It's no surprise that the vivacious Paige is terrific as the boy-crazy Joy, but she's matched step for step by Reynolds, who despite being the title "wallflower" is charming and assured. Reynolds was seen to good effect in several films of the '40s, including a small but noticeable role in THE CONSTANT NYMPH (1943) and costarring with Hutton in JANIE (1944) and ALWAYS TOGETHER (1947). Her career ending with just one more film after such a good part in WALLFLOWER is rather a mystery, as she's likeable and appealing.

Edward Arnold and Barbara Brown are terrific as the girls' parents. I don't usually do this when I revisit a film, but I'll quote here from my 2010 review, as it's so on target: "Some of the lines are laugh-out-loud funny, and the characters are well-drawn; it's believable that Arnold's straight-laced district attorney loves his giddy but sweet wife (Brown), and I liked that he didn't condescend to her despite the fact that she's not always quite 'with it.'"

The supporting cast includes the always-reliable Jerome Cowan, plus Ann Shoemaker, Harry Lewis, Walter Sande, and Angela Greene.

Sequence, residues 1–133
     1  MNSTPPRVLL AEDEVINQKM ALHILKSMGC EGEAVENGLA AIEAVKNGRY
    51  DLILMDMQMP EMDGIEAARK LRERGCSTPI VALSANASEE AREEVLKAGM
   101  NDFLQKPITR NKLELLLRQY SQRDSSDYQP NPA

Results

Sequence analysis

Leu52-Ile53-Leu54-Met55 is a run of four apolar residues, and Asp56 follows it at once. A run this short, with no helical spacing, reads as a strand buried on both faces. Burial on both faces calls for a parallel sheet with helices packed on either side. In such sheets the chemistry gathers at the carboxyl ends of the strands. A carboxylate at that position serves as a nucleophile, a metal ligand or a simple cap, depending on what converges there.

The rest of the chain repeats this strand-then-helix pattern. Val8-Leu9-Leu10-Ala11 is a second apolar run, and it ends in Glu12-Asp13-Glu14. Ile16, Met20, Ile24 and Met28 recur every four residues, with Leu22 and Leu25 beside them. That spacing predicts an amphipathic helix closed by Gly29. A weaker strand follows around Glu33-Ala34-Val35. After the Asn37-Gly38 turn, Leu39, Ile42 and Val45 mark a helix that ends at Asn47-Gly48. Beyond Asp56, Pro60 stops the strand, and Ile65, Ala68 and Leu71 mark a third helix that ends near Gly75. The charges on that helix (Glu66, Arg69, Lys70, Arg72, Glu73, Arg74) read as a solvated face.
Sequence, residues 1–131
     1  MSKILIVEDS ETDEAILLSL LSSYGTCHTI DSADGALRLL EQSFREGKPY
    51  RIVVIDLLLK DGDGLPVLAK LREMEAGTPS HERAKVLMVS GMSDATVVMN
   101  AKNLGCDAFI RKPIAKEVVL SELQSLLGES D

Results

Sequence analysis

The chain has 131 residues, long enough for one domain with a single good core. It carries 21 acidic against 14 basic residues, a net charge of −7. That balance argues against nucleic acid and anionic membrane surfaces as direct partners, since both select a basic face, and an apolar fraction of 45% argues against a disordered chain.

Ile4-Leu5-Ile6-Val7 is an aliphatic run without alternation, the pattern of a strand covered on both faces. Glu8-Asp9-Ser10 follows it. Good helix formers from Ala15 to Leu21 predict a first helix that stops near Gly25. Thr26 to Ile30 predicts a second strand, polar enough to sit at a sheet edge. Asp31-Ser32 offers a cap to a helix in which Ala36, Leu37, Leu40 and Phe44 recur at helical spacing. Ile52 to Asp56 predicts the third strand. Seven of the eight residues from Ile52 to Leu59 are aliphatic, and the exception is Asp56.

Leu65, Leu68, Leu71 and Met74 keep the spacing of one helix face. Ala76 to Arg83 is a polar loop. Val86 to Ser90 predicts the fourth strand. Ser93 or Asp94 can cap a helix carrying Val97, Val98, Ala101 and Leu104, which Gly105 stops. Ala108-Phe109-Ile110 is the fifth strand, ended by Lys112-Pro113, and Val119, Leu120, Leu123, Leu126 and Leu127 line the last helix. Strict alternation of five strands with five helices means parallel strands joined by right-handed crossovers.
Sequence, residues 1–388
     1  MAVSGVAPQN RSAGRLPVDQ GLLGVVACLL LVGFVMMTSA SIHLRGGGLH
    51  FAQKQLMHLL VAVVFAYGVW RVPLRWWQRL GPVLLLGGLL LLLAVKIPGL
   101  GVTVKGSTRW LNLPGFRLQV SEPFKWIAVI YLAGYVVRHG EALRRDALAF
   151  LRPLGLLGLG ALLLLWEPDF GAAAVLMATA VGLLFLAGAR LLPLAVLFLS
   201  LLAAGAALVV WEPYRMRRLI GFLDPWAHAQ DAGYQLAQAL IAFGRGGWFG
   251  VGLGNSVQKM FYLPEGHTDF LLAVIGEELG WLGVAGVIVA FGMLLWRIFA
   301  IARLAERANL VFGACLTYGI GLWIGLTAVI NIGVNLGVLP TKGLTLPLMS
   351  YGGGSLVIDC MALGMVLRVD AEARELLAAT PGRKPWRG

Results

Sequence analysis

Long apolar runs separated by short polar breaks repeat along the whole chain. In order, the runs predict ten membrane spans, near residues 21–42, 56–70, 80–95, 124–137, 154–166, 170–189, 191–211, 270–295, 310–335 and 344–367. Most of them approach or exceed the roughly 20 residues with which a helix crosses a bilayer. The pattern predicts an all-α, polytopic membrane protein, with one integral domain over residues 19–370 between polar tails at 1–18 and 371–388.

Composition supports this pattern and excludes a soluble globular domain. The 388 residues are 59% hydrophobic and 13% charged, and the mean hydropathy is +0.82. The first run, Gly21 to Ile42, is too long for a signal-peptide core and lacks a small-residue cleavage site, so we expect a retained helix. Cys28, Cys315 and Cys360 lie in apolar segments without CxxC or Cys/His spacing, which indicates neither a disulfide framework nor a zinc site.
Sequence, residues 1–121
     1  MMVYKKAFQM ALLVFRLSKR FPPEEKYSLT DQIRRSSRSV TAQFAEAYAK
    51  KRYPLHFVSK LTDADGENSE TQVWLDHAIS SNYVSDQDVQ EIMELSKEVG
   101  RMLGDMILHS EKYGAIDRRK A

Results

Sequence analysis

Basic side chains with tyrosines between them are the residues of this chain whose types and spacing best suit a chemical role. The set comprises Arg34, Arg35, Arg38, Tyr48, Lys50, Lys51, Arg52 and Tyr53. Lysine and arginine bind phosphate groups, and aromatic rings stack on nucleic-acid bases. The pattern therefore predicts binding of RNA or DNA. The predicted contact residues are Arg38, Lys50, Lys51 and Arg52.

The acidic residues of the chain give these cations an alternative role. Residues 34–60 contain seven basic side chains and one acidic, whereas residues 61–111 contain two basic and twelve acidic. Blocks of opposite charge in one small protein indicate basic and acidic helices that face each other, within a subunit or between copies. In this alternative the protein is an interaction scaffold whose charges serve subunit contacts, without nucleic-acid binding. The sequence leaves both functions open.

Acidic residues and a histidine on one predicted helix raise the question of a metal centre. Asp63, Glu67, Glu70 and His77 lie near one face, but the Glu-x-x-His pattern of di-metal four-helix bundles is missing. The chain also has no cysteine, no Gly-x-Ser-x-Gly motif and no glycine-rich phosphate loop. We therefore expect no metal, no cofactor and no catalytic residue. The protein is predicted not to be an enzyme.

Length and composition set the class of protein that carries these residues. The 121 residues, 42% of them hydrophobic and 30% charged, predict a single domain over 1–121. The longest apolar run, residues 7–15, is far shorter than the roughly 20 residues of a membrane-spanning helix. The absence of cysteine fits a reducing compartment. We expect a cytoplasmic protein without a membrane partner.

WALLFLOWER was directed by Frederick De Cordova and filmed in black and white by Karl Freund.

The Warner Archive DVD has an excellent picture and sound. The disc includes the trailer.

I consider this film an unsung little gem of a comedy and happily recommend it.

Also releasing this month: An all-time favorite Robert Montgomery romance, HIDE-OUT (1934). Look for a review here at a future date!

Thanks to the Warner Archive for providing a review copy of this DVD. Warner Archive releases are MOD (manufactured on demand) and may be ordered from the Warner Archive Collection at the WBShop or from any online retailers where DVDs and Blu-rays are sold.

Tonight's Movie: Nothing Sacred (1937) - A Kino Lorber Blu-ray Review

The screwball comedy NOTHING SACRED (1937), starring Carole Lombard and Fredric March, has just been released by Kino Lorber in a Special Restored Edition.

Kino Lorber is releasing the film, "from a brand-new HD master from a 2K scan of the restored fine grain master," on both Blu-ray and DVD.

I've seen the film multiple times over the years, including in 35mm at the long-gone Vagabond Theater in Los Angeles when I was a teen; I don't recall the condition of that print, but the films there usually looked great.

Other than possibly that, this Blu-ray is surely the best-looking print of NOTHING SACRED I've ever seen; prints are typically washed-out, almost with a Trucolor look, but this Blu-ray looks absolutely terrific. For anyone who loves the film, the Kino Lorber Blu-ray is thus a "must buy."